Wednesday, January 9, 2013

REVIEW: The Eternal Ones

Miller, K.  (2010).  The Eternal Ones.  New York:  Razorbill.

411 pages.

Appetizer:  Seventeen-year-old Haven Moore is haunted by dreams and memories of another life, of a girl named Constance who loved a boy named Ethan.  While watching TV with her uber-religious and controlling grandmother, Haven happens to see a celebrity gossip report of a rich playboy named Iain.  She faints at the sight of him, certain that she is the love she lost in the 1920s.

Haven's grandmother conspires to prevent her granddaughter from travelling to New York City, the scene of all her memories.  As her grandmother's religious overtures grow more intense and as Haven becomes more and more ostracized by the other students in her small town in Tennessee, her only means of escape to New York may include a strange society that is focused on helping people who believe they have been reincarnated.

But, even after Haven does escape to New York City, she learns that everything may not be as they appear and that the love she has trusted through multiple lives may be her greatest betrayer...time and time again.

I really liked the idea of The Eternal Ones, but the execution of the story left a lot to be desired.  Plus, despite liking this initial premise of finding a love from a previous life and trying to find him, I realized that it had already been used previously.  Dead Again is a movie from over 20 years ago and it does a much better job of establishing a mystery...if you can manage to look beyond all of the early 1990's styles:

The novel felt like a rough draft for a great mystery.  It felt like all the ingredients to a recipe had been thrown into a bowl, but very little mixing had taken place.  Plus, the story should have been tightened (say to 280 or 300 pages instead of 411 pages).  The Eternal Ones spent way too much time in Snope City with Haven being bullied by various characters.  As I read the first 120-ish pages, I thought the book would appeal much more if the novel opened with Haven arriving in New York. Let her past and purpose be a mystery to be unraveled as the reader gets further into the story, as opposed to having to witness Haven faint many times and go back and forth about deciding to leave or not leave.  Ugh.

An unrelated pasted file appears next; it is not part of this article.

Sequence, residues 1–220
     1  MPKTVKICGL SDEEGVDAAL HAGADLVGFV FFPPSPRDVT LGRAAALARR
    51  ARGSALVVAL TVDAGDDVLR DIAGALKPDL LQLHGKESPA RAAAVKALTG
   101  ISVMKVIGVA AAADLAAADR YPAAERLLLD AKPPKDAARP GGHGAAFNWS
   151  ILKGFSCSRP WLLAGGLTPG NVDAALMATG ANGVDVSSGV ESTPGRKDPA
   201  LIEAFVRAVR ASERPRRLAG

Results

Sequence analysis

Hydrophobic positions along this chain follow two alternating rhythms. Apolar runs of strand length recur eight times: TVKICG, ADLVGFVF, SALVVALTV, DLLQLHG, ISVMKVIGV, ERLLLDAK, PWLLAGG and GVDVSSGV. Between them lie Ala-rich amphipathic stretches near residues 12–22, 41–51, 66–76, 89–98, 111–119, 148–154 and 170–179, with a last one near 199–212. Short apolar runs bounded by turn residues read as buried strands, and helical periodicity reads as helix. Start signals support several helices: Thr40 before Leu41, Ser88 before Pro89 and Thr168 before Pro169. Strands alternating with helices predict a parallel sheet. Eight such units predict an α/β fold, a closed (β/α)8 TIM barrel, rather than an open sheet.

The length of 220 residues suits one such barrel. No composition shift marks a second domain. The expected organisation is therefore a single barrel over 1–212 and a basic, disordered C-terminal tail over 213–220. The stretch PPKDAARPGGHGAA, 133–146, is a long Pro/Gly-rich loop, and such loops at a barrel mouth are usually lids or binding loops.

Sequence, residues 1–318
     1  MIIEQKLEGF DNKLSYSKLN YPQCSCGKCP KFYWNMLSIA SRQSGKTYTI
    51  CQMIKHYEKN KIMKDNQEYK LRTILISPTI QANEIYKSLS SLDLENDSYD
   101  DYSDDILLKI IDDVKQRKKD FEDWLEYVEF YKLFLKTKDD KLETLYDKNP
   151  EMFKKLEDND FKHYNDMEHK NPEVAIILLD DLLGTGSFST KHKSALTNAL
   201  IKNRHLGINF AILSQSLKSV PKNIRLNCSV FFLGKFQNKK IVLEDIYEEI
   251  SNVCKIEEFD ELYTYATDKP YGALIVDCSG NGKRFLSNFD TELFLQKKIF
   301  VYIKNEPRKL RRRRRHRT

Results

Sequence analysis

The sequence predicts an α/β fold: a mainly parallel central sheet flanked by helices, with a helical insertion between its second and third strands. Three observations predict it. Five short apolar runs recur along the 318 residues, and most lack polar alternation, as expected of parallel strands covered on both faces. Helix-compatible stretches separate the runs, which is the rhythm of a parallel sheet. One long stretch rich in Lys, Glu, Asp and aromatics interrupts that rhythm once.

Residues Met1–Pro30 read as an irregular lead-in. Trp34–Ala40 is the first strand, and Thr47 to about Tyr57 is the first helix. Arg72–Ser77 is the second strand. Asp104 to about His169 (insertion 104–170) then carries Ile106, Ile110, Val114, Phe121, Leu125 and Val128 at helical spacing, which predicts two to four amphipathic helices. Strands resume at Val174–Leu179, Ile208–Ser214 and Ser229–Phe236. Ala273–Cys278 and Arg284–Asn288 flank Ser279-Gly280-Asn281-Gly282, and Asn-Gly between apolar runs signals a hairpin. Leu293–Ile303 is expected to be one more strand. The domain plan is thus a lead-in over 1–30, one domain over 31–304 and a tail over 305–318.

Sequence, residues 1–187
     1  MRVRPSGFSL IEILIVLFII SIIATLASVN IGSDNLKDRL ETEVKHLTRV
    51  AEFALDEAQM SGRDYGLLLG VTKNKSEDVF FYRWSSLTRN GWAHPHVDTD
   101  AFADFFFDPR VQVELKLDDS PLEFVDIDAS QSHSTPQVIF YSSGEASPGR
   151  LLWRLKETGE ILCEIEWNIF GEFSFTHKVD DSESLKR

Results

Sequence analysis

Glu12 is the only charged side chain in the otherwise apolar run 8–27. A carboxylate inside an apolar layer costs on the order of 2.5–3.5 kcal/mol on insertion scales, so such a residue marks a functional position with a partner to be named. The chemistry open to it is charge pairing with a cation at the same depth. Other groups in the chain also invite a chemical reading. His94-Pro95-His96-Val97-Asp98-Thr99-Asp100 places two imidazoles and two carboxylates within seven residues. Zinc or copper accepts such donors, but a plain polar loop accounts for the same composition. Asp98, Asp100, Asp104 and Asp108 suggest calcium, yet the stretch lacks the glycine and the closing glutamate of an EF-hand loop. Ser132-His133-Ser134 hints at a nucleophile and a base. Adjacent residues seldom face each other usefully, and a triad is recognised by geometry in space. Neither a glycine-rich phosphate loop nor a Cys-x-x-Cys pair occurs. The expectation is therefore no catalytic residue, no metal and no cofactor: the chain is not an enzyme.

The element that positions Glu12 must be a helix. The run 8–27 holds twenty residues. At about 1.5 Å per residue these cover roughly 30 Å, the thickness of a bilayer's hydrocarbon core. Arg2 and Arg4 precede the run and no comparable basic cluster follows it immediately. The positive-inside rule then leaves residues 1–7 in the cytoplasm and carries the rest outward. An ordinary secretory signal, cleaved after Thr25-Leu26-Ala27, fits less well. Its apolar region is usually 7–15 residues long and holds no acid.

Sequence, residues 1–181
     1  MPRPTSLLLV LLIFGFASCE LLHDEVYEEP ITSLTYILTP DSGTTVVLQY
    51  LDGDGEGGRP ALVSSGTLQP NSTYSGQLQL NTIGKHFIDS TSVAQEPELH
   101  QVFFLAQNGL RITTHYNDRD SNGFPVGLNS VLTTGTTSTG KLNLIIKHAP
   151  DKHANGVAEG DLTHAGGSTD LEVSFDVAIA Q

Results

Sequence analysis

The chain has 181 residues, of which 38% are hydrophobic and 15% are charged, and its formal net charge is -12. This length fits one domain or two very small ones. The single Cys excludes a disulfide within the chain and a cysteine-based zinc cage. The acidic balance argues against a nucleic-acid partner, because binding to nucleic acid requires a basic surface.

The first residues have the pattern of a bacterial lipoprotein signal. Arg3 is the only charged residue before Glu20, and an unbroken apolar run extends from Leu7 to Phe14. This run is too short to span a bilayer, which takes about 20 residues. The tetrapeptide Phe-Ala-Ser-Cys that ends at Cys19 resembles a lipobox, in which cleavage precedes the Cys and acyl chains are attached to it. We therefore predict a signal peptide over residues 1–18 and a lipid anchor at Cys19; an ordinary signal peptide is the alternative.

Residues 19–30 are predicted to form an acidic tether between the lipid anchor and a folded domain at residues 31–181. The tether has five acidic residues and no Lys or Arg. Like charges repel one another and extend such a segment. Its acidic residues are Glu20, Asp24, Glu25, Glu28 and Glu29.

As a character, there was nothing really striking or engaging about Haven's love interest, Iain/Ethan.  In fact, after he meets Haven, I almost immediately started to dislike him.  Gentlemen of the world pay attention:  If you want to turn-off a girl and send her running, be sure to refer to other girls as "props" (p. 163), and make her feel as though you're ordering her around (p. 179).  So unsexy.

Dinner Conversation:

"Haven was back.  She glanced across the familiar little room.  Silver clouds hovered over the skylight high above a rumpled bed.  A candle sat on the edge of the vanity, waiting for her sun's weak rays to finally fade.  Her gaze returned to the mirror in front of her.  She smoothed a strand of her blonde bob and tucked it behind one ear.  The reflection in the mirror wasn't hers, but she knew it as well as her own." (p. 3)

"Haven Moore stood on top of the footstool, gazing out the open window in front of her and willing herself not to fidget.  Over the winter, the anticipation had been building inside of her.  Once the weather turned warm, she found herself unable to sleep or stay still.  It felt as if every cell in her body were dancing.
Beyond the tall mountains that surrounded Snope City, something was waiting for her" (p. 5).

"Haven's eyes glanced up at the action.  A tan, handsome young man slid out of a black Mercedes as camera flashes sparkled in the car's windshield.  For a moment, he stared back at the paparazzi, his face dark and unreadable.  Then, unexpectedly, a corner of his mouth curled into a grin.
"Ethan," Haven whispered.  A blaze ignited at the tips of her toes.  As it began to burn its way upward, Haven felt her knees buckle beneath her." (p. 8)

"Suddenly she was no longer just Haven Jane Moore, daughter of Ernest and Mae.  If the notes were to be believed, she had once been someone else.  A girl named Constance.  And her visions weren't fantasies or hallucinations.  They were scenes from a past that was every bit as real as the present." (p. 43)

"'Well, I think I might be having the visions for a reason.  I'm pretty sure I'm supposed to find Ethan.  That's what I told my dad when I was little.'
"Ethan?  You think he's still around?  Wouldn't he be awfully old for you by now? I mean, even if he is real, at the very least he'd be pushing a hundred and ten--"
Haven cut him off.  "I had another vision last night.  There was a fire.  That's how Constance died.  I think it killed Ethan, too.  And I think he's been reborn, just like me.  I have to find him, Beau.  And you have to help me.  I can't explain how, but I know he's out there." (p. 53)

Tasty Rating:  !!

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